HARRISON, N.Y. – Admittedly an outsider when it comes to US national team matters, New York City FC coach Patrick Vieira doesn’t believe a complete overhaul is the right call after the Americans failed to qualify for the World Cup for the first time since 1986 earlier this week.
“I don’t think the US should throw everything [out] and start from nothing,” Vieira said. “They’ve been working for the last few years. It’s just about taking the good and the bad and just try to reflect about what went wrong. I don’t think they should throw everything away because that’s not their answer.”
Vieira speaks from experience, referencing what France did after going from missing the 1994 World Cup to winning it on home soil four years later. The World Cup-winning coach was Aime Jacquet, an assistant under Gerard Houllier, who resigned as Les Bleus coach in 1993.
“They didn’t throw everything out,” Vieira said. “Aime Jacquet came on and he worked in Euros ’96 in England and this is where he found the leaders he needed to build around for the World Cup in ’98.”
Vieira was a 21-year-old on that France team in 1998. By that point he had already spent several years playing first-team football, first at Cannes and then AC Milan before joining Arsenal.
He said the same is true for young players in Europe today, citing 19-year-old French star forward Kylian Mbappe and US opponents in Mexico and throughout Europe.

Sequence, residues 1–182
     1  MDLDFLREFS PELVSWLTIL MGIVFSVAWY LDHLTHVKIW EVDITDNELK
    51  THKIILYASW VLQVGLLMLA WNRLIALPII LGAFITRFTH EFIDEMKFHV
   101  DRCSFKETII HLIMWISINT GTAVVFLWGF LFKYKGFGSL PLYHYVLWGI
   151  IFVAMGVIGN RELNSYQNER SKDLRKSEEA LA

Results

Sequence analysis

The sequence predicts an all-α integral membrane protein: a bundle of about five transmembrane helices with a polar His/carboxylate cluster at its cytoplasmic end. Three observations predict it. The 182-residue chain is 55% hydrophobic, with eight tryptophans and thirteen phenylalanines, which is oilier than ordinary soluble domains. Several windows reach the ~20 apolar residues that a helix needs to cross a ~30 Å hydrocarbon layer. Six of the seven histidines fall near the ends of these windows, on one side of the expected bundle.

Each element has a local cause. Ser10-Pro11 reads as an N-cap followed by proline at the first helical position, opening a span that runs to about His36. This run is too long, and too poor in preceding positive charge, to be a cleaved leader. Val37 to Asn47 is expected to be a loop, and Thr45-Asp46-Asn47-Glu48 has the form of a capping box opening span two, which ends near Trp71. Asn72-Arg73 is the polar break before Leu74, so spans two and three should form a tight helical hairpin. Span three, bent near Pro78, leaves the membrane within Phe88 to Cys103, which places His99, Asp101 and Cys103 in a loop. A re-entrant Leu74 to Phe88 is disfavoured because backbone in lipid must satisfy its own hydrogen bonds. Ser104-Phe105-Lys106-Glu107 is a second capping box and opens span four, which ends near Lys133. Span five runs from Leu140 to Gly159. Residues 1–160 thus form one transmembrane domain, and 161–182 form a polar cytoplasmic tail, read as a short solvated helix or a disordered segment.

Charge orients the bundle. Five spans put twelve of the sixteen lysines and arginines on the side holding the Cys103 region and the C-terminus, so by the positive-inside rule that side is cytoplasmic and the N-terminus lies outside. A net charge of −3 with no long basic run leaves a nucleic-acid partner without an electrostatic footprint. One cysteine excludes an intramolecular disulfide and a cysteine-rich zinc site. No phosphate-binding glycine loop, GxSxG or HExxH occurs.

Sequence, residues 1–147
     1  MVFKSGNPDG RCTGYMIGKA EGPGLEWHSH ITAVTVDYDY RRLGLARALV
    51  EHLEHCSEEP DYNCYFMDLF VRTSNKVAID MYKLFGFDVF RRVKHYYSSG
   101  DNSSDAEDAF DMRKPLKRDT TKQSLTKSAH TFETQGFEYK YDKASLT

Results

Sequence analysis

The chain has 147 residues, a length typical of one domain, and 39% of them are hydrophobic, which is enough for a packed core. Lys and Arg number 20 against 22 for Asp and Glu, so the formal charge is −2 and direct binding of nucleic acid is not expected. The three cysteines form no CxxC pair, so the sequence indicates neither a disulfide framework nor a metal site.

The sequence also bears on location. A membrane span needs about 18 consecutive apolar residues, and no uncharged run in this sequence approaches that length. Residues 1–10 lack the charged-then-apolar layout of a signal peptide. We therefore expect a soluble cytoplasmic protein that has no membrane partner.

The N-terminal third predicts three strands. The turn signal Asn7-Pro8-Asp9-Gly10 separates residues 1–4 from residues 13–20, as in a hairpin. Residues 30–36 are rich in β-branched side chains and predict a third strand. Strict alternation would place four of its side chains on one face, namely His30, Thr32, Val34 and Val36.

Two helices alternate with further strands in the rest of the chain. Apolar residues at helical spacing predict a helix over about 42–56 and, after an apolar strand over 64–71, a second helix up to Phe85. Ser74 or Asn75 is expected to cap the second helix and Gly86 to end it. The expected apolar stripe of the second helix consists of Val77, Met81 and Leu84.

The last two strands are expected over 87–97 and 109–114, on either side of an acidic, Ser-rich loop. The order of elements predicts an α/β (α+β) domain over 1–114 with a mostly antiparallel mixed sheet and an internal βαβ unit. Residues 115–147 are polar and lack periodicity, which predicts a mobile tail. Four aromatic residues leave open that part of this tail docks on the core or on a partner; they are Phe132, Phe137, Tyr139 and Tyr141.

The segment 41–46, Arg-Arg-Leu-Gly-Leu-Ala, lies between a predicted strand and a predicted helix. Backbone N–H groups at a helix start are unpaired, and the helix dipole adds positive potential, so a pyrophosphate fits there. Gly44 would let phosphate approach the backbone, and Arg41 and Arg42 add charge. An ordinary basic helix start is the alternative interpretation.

That’s a difference he sees in some of the young American players, like NYCFC midfielder Tommy McNamara, who played at Brown and Clemson before turning pro at the age of 23 in 2014.
“We played in Ligue 1 when we were between 18, 19 and 20 and we’ve been training maybe twice a day since the age of 15,” Vieira said. “I think it is more difficult, they are some problems you have here than you have in Europe, but there may be some different solutions. I think people need to sit around the table and try to find the best options to give chance to players like Tommy who are playing first-team football when it’s too late.”
Viera said that person certainly shouldn’t be him, even though he has at times been speculated about as a candidate for the USMNT job.
“It’s always flattering, but I’m not ready,” Vieira said. “I think when you go to the national team, it’s important to know the league, to know the players, to understand the system and how it works and you need experience. There’s a lot better candidates than myself.”
Vieira believes there should be some changes in player development “to help young players to spend more time on the field and to have the right training program to help develop those skills,” he said.
And even though he’s been lauded for the work he’s done in establishing a clear identity for his team at NYCFC and he has experience developing younger players at Manchester City, Vieira is adamant he’s not the one to help the US march toward the 2022 World Cup.
“I really don’t know what people are talking or what people are thinking,” Vieira said. “But something I can tell you is that I’m not the right person at all.”
ExtraTime Radio Podcast
LISTEN: That pit in your stomach ... it's likely to be around for awhile. The United States will not play in the 2018 World Cup. It's tough to type. The guys mourn the national soccer nightmare with Fox Sports pundit Alexi Lalas (19:04), Paul Tenorio (35:38) of FourFourTwo and Brian Sciaretta (45:27) of American Soccer Now Subscribe now and preview the MLS weekend. "Like" our Facebook page so you never miss a show! Download this episode!